single emoticon on the blackboard. “It’s a bit primitive but there you are, one of the first
ones ever recorded”:
“Someone tell me what that means.” There were no hands raised. “It means ‘heart.’ Come
on, boys, Emo was the language of our ancestors. You must learn it to preserve it for
future generations.” (8)
As the world and its history gets fleshed out, it becomes, to the reader, more scarily realistic and possible—probable, even. We find out that after humanity ran out of oil, they ran out of trees, and then blew themselves up with “The Blast,” whatever exactly that was. And now, they live in a depopulated, anarchistic, and murderous society, coexisting with gangs of feral white and black poodles (apparently all dogs are known as poodles), stomping on giant rats, and eating the disgusting foods of the apparently imminent future, such as “krab,” slugs, and dry pizzles—if you own a dog, you know how gross that is.
But perhaps the most horrifying aspect of the book is how everyone is resigned to this awful fate. The zombie-people don’t complain about the empty husks of their being, and the book even ends with a happy family dinner of sorts (note that Jimmy Junior is a “zombie”):
One of the boys waved. “Steaks ready! Come get some.”
Howard said, “Not me. I’m full.”
“Me either,” Jimmy Junior said. “Thanks, but I don’t eat.”
Bubba passed around a bottle of bitter weed wine. “Have a drink, friends. Life is worth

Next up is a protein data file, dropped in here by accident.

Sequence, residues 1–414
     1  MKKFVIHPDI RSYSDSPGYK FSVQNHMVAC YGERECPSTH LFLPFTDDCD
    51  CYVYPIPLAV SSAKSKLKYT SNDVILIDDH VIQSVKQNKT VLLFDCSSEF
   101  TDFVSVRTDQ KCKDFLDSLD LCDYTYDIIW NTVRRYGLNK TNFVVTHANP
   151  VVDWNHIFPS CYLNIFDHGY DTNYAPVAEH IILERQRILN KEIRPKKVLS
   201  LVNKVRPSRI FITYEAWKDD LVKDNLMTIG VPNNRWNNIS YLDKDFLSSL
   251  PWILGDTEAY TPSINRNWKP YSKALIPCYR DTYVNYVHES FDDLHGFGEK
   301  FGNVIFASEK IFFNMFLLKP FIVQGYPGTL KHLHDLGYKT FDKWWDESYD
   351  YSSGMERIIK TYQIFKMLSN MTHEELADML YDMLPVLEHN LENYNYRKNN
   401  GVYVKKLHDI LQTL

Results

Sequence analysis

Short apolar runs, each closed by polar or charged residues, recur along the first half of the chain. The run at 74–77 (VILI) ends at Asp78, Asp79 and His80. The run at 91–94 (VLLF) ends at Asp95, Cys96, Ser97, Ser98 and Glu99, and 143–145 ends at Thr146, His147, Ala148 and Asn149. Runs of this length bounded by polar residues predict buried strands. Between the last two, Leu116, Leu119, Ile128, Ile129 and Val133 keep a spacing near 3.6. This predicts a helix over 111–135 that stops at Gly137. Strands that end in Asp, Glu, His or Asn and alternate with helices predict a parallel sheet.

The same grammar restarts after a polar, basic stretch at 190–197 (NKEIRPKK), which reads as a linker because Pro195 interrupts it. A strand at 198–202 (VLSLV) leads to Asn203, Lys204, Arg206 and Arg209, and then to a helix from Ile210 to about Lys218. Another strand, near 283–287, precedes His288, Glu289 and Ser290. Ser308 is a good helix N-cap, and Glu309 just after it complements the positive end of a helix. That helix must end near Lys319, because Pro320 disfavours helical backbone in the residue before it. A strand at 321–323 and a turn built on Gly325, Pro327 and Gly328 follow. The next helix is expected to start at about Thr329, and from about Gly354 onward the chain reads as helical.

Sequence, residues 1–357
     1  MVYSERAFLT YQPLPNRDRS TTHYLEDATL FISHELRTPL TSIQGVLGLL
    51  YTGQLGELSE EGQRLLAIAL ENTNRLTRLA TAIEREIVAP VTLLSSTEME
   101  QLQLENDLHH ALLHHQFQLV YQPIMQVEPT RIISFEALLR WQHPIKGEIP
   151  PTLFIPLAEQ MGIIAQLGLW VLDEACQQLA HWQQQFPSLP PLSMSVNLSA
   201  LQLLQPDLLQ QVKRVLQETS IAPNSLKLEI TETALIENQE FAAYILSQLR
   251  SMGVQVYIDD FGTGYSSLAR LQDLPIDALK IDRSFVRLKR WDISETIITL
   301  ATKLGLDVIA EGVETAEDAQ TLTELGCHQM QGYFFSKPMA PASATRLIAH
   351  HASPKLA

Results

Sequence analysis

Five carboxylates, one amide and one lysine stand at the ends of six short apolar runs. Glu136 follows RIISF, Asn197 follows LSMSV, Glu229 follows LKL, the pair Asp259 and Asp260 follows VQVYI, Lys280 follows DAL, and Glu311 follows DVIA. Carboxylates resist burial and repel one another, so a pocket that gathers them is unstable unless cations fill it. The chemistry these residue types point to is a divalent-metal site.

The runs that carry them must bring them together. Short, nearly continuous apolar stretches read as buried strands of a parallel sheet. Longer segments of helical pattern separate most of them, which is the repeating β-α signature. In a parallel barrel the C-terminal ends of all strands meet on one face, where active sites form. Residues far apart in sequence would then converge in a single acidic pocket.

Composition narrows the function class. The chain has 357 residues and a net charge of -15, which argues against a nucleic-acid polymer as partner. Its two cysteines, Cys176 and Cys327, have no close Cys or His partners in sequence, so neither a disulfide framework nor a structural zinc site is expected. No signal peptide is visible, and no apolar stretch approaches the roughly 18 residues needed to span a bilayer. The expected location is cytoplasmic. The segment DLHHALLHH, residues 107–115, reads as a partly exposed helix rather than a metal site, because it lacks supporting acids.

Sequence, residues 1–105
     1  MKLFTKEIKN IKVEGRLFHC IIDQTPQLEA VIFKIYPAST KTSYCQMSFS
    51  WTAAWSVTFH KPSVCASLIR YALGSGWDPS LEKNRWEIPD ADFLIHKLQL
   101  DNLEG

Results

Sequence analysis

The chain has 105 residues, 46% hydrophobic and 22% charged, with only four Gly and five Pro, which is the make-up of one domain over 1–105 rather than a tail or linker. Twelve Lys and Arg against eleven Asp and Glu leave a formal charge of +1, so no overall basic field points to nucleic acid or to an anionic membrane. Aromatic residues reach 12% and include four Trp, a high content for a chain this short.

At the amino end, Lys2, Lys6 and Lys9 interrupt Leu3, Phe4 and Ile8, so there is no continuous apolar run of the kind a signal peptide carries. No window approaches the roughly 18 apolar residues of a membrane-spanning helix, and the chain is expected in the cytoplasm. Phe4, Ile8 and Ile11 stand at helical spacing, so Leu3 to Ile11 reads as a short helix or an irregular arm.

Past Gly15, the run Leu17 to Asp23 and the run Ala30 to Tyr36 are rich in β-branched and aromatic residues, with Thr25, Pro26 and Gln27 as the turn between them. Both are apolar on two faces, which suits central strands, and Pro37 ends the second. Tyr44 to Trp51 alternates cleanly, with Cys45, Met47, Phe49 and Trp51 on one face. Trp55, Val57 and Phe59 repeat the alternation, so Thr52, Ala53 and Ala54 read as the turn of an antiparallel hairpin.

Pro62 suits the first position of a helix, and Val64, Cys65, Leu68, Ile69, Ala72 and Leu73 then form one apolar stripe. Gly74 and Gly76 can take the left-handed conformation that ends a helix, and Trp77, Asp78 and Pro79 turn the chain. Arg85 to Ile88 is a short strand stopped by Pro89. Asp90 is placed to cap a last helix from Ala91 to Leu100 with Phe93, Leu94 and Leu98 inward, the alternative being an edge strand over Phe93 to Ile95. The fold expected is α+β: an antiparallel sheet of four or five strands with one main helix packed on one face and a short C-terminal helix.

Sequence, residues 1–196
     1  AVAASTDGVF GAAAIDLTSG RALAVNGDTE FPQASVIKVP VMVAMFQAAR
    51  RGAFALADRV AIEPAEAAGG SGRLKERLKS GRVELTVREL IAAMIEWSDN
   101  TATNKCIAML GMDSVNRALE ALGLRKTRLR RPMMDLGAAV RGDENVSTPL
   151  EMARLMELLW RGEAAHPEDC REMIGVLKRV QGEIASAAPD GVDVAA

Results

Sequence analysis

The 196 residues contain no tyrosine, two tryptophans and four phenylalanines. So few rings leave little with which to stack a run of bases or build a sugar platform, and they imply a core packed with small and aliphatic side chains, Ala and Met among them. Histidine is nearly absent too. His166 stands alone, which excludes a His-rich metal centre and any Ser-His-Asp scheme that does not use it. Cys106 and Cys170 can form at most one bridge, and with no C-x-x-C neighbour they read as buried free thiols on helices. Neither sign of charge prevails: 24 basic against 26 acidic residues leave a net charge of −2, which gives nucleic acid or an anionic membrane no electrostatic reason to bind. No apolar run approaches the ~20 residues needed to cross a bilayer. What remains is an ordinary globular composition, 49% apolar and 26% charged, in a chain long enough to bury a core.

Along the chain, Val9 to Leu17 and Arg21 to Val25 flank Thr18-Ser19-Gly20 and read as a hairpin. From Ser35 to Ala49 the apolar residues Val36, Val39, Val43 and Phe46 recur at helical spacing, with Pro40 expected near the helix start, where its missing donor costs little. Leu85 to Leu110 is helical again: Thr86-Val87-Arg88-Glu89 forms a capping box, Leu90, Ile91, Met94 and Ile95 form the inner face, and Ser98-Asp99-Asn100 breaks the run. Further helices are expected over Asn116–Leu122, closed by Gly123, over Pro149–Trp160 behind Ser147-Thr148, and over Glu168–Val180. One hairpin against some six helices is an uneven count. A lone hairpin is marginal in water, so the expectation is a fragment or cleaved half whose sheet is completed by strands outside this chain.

living at last.”
Day forked slugs onto old army plates. About the size and thickness of a human palm,
the steaks oozed steaming juices and smelled of rotting seaweed.
By the time the wine had gone around more than once, all but Jimmy Junior were woozy
“These slugs are delicious,” Wencel’s mother said. (96)
To say that post-apocalyptic novels are all the rage right now would be reductive and simplistic, but not necessarily wrong. Everyone knows we’ve screwed it all up, and there’s always been an appeal for good dystopian fiction, from Wells’ The Time Machine (1895), to Huxley’s Brave New World (1931), to Orwell’s 1984 (1949), to Burgess’s A Clockwork Orange (1962). Ohle isn’t jumping on the most recent bandwagon, however. He published his first book, Motorman, with Knopf in 1972; the book, though considered a cult classic, went out of print. His second book, a nonfiction compilation of interviews with Kansas hippies called Cows are Freaky When They Look At You, came out in 1991, and his other books have been published more recently, including a book titled Age of Sinatra (2004). Stumbling upon The Blast was like hearing an amazing song from an underground punk band, and then realizing that they’ve been making great records for the past twenty years and sell out the smaller venues every time they come to town.
It’s a shame that this idiosyncratic, inventive author isn’t more widely read—though there has been a resurgence of late—but he should be. His surreal writing will not appeal to everyone, but that’s okay, because neither do The Onion, Tim & Eric, or salmon sashimi.